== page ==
The “Victory of Samothrace” one of the most iconic works of the Louvre, which since 1884 is prominently displayed at the top of the monumental Daru staircase, will be restored as from September, the French museum announced on Monday.

The Louvre advisory committee responsible for restoration matters has given the green light for the project which includes the cleaning of the marble statue and the renovation of the staircase.

An international team of experts will follow the works which will take more than a year to be completed.

Cost is estimated to be 3 million euros. The project will be funded by Nippon Television Holdings, Fimalac and Bank of America Merrill Lynch Art Conservation Programme.

One of the three most popular exhibits of the Louvre (along with Venus de Milo and the MonaLisa), the Victory of Samothrace is a Greek Hellenistic era statue, dated to 220-185 BC.

It was discovered in 1863 broken into countless pieces, on the Aegean island of Samothrace. It represents Nike, the goddess Victory. After careful restoration work at the Louvre, the main block (legs and lower torso) was put on display in 1866. Overall, the work measures 5,57 m in height. The statue stands 2,75 m tall including the wings.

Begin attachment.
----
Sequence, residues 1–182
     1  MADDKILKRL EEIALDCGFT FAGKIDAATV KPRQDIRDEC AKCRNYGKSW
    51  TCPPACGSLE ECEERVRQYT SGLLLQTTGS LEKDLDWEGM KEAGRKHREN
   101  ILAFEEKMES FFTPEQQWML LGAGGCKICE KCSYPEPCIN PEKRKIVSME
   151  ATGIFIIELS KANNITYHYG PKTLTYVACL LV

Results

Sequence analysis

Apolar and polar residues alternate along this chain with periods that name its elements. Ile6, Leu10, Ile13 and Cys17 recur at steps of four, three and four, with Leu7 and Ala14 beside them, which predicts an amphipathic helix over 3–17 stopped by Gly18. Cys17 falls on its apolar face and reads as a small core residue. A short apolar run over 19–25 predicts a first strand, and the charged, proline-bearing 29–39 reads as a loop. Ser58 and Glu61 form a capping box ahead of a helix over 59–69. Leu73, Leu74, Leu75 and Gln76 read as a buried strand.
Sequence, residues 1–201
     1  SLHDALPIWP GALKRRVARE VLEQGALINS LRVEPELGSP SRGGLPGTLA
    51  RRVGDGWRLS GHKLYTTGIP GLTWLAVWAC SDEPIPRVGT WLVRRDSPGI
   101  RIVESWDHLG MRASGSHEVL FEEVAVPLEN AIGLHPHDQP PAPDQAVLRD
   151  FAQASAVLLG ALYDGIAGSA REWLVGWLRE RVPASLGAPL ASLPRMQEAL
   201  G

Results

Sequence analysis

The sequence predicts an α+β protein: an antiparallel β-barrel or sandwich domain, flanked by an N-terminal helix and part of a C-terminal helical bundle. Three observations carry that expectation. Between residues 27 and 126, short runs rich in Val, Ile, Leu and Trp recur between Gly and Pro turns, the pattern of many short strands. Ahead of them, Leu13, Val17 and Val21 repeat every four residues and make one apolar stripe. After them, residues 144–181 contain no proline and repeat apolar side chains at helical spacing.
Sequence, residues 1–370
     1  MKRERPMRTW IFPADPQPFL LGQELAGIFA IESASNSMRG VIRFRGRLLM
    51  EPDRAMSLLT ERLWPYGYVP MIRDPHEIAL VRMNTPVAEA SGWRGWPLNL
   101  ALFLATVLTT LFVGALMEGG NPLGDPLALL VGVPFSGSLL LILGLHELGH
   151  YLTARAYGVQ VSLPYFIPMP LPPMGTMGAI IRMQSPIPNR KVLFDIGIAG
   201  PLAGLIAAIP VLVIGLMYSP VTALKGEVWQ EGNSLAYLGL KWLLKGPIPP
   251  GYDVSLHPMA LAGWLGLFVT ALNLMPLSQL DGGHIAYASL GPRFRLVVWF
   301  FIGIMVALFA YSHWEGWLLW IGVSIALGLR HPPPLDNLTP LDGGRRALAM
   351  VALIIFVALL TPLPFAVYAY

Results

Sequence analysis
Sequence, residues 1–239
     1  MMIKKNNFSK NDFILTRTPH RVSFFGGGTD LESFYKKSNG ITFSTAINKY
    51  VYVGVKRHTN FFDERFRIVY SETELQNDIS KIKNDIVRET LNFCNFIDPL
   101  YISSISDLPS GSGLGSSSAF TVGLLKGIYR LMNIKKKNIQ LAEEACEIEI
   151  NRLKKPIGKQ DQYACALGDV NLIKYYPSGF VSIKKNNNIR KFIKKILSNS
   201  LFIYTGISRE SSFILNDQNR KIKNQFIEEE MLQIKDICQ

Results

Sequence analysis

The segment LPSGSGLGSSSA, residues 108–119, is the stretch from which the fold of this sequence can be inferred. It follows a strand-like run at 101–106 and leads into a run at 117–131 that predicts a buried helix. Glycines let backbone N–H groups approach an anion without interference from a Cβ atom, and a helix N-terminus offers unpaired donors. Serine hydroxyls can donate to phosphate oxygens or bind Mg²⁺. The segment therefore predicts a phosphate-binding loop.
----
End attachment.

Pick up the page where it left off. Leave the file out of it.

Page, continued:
By this restoration, the Louvre intends to solve some structural problems which were not addressed in the previous restoration of 1934, as Jean-Luc Martinez, director of the Department of Greek, Roman and Etruscan Antiquities said.

“The modern concrete base is slightly cracked, but there is no danger” he added. Above all, they are going to clean the statue, which has become very dirty over the years. “We are going to rediscover the contrast between the white Parian marble of the statue and the grey Rhodian marble of the boat and base” Mr. Martinez explained.

The statue will be moved to a separate hall, la Salle des Sept Cheminées (the Hall of the Seven Chimneys), for the restoration work. Once a month the Louvre will organize a public presentation on the progress of the work.

The museum believes the statue will be back on show by the spring of 2014.

The Daru staircase will also be renovated, but it will remain accessible during the renovation.

According to the Louvre, approximately 70% of the museum’s visitors walk up the Daru staircase. In 2012 the Victory of Samothrace had 7 million visitors.